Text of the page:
1. The Wild Bunch
Mercenaries dressed up as US soldiers, hi-tech killing, random slaughter - all this plus the fact that Sam Peckinpah wrote a rather heated letter to President Nixon over the pardoning of the My Lai Massacre-orchestrating Lieutenant William Calley suggests one of the greatest Westerns of all time can be enjoyed on other levels.
2. Soldier Blue
Eight years before Francis Coppola portrayed the Air Cavalry as barking mad, napalm-loving Wagner fans, Ralph Nelson painted the much adored US Cavalry as a band of raping, women-slaughtering savages (if slicing breasts off wasn't bad enough, they also upset the very lovely Candice Bergen).
The decade might be the '50s and the war might be Korea but the high-jinks, sexual attitudes, casual drug use and combined air of rebellion, desperation and hopelessness all hint at a more recent, equally doomed Asian war. Famously spawned a TV series that lasted five years longer than the war it portrayed.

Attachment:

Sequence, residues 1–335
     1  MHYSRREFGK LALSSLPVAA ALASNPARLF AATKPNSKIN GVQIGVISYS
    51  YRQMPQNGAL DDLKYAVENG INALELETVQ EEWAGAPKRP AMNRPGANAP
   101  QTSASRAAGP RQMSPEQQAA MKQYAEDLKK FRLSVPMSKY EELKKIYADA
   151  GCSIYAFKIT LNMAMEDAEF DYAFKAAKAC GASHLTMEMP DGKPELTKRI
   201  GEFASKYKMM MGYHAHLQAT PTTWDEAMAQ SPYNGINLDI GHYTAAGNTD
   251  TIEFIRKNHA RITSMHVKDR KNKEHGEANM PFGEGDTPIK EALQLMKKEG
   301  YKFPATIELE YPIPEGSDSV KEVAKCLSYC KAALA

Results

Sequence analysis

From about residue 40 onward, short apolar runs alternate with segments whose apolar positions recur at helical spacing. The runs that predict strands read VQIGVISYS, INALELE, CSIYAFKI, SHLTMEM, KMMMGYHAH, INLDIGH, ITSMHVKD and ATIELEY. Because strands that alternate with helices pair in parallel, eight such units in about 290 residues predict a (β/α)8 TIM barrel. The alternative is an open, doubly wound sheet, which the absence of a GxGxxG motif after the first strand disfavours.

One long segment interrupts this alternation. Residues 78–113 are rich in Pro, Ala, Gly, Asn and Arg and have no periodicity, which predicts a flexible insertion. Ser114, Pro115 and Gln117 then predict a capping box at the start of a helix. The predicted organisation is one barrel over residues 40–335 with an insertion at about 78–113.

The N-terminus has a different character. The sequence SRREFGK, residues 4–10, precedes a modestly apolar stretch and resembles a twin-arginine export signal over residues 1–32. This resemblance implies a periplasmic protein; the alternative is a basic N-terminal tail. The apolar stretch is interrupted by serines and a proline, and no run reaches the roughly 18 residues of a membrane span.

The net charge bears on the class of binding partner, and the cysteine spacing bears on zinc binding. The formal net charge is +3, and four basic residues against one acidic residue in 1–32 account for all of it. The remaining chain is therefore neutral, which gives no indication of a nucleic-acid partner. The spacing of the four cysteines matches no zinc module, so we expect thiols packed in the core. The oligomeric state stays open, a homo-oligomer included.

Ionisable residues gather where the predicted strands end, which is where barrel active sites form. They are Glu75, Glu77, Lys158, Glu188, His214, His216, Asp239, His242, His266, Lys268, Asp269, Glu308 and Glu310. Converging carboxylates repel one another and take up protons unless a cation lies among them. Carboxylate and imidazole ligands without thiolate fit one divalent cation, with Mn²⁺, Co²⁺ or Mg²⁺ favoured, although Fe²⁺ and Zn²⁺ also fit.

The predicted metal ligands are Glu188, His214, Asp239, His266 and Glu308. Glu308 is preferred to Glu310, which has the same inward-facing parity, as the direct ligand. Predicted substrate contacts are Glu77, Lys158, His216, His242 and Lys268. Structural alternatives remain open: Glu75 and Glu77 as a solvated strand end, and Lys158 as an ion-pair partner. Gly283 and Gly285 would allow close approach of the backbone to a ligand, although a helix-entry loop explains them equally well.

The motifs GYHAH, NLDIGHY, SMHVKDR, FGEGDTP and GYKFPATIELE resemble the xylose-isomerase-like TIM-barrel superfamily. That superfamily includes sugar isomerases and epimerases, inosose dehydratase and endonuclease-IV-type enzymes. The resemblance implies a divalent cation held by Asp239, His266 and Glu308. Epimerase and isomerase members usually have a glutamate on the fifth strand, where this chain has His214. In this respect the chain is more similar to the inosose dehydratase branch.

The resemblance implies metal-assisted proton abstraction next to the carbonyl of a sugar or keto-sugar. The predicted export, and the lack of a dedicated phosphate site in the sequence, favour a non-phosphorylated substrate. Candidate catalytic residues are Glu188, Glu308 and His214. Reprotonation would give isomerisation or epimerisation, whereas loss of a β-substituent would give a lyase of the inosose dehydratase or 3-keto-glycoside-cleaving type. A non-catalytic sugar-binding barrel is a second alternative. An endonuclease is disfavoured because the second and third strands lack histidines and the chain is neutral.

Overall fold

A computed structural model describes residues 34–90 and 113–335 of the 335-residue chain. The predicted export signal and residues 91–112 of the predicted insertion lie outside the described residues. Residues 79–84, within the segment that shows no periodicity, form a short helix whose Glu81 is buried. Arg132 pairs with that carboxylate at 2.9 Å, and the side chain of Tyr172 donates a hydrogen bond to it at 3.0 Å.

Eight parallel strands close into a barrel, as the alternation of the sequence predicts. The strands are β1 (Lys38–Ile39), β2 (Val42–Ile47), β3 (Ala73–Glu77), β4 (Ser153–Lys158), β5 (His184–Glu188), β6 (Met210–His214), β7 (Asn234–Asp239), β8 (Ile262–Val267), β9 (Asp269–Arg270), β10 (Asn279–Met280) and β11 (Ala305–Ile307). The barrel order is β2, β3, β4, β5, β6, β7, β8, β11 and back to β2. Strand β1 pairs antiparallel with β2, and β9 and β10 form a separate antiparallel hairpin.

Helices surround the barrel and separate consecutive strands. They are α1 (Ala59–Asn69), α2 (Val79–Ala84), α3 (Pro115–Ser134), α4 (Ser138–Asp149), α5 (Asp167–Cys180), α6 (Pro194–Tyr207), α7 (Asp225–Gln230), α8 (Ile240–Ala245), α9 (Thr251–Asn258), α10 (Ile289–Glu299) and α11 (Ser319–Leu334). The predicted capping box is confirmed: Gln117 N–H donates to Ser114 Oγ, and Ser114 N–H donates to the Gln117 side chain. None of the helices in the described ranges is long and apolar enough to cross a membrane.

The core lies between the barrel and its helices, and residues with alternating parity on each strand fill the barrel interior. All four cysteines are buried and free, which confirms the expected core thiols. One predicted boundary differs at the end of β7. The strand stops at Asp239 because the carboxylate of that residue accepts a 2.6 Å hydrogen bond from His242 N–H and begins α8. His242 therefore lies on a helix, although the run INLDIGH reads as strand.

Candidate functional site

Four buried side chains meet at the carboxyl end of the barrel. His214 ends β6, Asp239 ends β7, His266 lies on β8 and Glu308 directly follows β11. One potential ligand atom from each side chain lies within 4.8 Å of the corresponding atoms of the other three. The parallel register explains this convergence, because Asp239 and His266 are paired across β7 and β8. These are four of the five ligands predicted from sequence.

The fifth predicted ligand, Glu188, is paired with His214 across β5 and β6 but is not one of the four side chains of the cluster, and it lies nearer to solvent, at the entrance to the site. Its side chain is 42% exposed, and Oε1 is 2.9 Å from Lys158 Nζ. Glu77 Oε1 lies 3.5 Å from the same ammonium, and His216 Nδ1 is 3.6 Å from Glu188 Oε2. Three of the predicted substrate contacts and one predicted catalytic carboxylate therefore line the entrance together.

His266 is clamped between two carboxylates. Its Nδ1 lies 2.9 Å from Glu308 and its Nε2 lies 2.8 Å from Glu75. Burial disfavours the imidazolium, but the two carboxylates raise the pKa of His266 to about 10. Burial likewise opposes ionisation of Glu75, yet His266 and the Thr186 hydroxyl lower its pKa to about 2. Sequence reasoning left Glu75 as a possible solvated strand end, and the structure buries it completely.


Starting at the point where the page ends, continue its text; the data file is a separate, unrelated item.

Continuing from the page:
4. Beneath The Planet Of The Apes
The thick-headed, power-mad, gorilla-led military elite embark on a war in a foreign land against an enemy skilled in the art of camouflage. Meanwhile, a band of hippy chimps stage a sit-down protest. Two films later, in Conquest the same species would re-stage the Watts riots. Plus ça change.
An enemy that's hard to see and even harder to kill, a young girl capable of manoeuvring herself through tight tunnels, well armed but frankly useless Space Marines - James Cameron might not have intended it as anything other than a very exciting actioner, but the parallels with America's 1970s foreign policy debacle are there for the taking.